On this World Water Day, the reality of water scarcity is starker than ever before. With the situation in Cape Town, South Africa, bringing...
The state originally sought $5 billion in damages from the company
On Feb. 20, 2018, Minnesota Attorney General Lori Swanson announced a settlement reached between the state and 3M for $850 million. The lawsuit resulted from the company’s water pollution by perfluorochemicals (PFCs) in several suburbs outside Minneapolis and St. Paul, Minn.
The trial marked the state’s largest ever environmental lawsuit, with the state originally seeking punitive damages of $5 billion from 3M. The settlement cost finally agreed upon will be put towards different water projects in the areas affected by the company’s pollution.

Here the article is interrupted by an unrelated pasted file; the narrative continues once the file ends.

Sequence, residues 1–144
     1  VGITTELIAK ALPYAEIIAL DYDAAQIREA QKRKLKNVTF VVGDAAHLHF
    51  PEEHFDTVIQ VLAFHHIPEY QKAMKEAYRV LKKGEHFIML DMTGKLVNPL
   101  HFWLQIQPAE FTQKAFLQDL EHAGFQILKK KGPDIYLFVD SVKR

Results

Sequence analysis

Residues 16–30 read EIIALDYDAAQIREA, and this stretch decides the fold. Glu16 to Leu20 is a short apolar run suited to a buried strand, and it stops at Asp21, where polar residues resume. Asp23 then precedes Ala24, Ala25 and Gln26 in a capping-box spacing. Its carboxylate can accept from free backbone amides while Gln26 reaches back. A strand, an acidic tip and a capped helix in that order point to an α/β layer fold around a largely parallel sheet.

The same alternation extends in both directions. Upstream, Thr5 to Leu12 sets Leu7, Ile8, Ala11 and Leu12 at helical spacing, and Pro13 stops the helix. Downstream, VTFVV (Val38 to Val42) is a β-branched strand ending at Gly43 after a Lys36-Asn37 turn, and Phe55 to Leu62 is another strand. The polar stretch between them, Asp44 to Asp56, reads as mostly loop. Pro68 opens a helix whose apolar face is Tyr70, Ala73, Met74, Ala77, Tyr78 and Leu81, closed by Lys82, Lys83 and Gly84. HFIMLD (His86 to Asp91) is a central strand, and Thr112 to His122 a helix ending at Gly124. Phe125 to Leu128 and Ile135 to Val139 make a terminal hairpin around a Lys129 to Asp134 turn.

Specifically, the state intends to potentially construct new wells, connect people on private wells to municipal water sources or clean up existing state water supplies.
The $850 million price tag is far under what the state targeted, which may have been affected by a report unveiled earlier in February by the Minnesota Department of Health. The report concluded that contamination in the areas perpetrated by 3M have demonstrated no unusually high rates of cancer or adverse birth outcomes.
“We’re pleased with the settlement,” Swanson said. “We think the settlement will help solve a problem for Minnesota. It’s a problem that’s been a long time in the making for many decades. These chemicals as I mentioned were put into the ground and we are very hopeful that this settlement can help fix that.”
The lawsuit dates back to 2010, facing many delays on the journey to trial. This settlement also is only one of at least 24 more similar suits that 3M faces regarding groundwater pollution by either PFCs or other chemicals throughout its history over many decades.